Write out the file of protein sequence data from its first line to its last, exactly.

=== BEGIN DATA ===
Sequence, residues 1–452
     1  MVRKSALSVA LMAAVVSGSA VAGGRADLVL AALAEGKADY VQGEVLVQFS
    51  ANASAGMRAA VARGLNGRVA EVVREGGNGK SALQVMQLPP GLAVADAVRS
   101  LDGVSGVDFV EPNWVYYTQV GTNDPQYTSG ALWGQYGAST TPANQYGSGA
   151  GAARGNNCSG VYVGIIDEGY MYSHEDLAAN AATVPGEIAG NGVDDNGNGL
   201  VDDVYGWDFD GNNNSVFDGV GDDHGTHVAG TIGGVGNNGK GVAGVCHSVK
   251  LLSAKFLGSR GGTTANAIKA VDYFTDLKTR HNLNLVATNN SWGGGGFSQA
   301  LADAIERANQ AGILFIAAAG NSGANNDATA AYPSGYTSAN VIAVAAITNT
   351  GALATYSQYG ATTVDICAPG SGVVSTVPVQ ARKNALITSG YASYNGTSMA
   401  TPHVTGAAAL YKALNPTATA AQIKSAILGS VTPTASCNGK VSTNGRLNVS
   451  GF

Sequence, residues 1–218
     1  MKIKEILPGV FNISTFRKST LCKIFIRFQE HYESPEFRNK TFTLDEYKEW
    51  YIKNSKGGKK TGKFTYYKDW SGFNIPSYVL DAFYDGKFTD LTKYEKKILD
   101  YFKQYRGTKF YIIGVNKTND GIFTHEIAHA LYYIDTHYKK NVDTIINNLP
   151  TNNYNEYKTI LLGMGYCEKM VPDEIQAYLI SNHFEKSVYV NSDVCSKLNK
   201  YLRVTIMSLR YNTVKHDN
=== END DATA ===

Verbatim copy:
Sequence, residues 1–452
     1  MVRKSALSVA LMAAVVSGSA VAGGRADLVL AALAEGKADY VQGEVLVQFS
    51  ANASAGMRAA VARGLNGRVA EVVREGGNGK SALQVMQLPP GLAVADAVRS
   101  LDGVSGVDFV EPNWVYYTQV GTNDPQYTSG ALWGQYGAST TPANQYGSGA
   151  GAARGNNCSG VYVGIIDEGY MYSHEDLAAN AATVPGEIAG NGVDDNGNGL
   201  VDDVYGWDFD GNNNSVFDGV GDDHGTHVAG TIGGVGNNGK GVAGVCHSVK
   251  LLSAKFLGSR GGTTANAIKA VDYFTDLKTR HNLNLVATNN SWGGGGFSQA
   301  LADAIERANQ AGILFIAAAG NSGANNDATA AYPSGYTSAN VIAVAAITNT
   351  GALATYSQYG ATTVDICAPG SGVVSTVPVQ ARKNALITSG YASYNGTSMA
   401  TPHVTGAAAL YKALNPTATA AQIKSAILGS VTPTASCNGK VSTNGRLNVS
   451  GF

Sequence, residues 1–218
     1  MKIKEILPGV FNISTFRKST LCKIFIRFQE HYESPEFRNK TFTLDEYKEW
    51  YIKNSKGGKK TGKFTYYKDW SGFNIPSYVL DAFYDGKFTD LTKYEKKILD
   101  YFKQYRGTKF YIIGVNKTND GIFTHEIAHA LYYIDTHYKK NVDTIINNLP
   151  TNNYNEYKTI LLGMGYCEKM VPDEIQAYLI SNHFEKSVYV NSDVCSKLNK
   201  YLRVTIMSLR YNTVKHDN